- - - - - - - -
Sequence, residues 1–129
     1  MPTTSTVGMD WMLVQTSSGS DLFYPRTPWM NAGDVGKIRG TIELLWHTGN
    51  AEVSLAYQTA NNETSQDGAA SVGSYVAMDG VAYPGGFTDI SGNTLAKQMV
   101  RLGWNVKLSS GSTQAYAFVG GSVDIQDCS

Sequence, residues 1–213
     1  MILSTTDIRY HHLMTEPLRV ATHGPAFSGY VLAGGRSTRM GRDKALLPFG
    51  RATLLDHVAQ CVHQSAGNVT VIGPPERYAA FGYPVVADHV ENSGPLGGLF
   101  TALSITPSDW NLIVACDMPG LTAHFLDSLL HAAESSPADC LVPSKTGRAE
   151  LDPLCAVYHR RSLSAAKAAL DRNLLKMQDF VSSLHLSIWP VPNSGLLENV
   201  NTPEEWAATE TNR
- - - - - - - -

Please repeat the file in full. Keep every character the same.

Sequence, residues 1–129
     1  MPTTSTVGMD WMLVQTSSGS DLFYPRTPWM NAGDVGKIRG TIELLWHTGN
    51  AEVSLAYQTA NNETSQDGAA SVGSYVAMDG VAYPGGFTDI SGNTLAKQMV
   101  RLGWNVKLSS GSTQAYAFVG GSVDIQDCS

Sequence, residues 1–213
     1  MILSTTDIRY HHLMTEPLRV ATHGPAFSGY VLAGGRSTRM GRDKALLPFG
    51  RATLLDHVAQ CVHQSAGNVT VIGPPERYAA FGYPVVADHV ENSGPLGGLF
   101  TALSITPSDW NLIVACDMPG LTAHFLDSLL HAAESSPADC LVPSKTGRAE
   151  LDPLCAVYHR RSLSAAKAAL DRNLLKMQDF VSSLHLSIWP VPNSGLLENV
   201  NTPEEWAATE TNR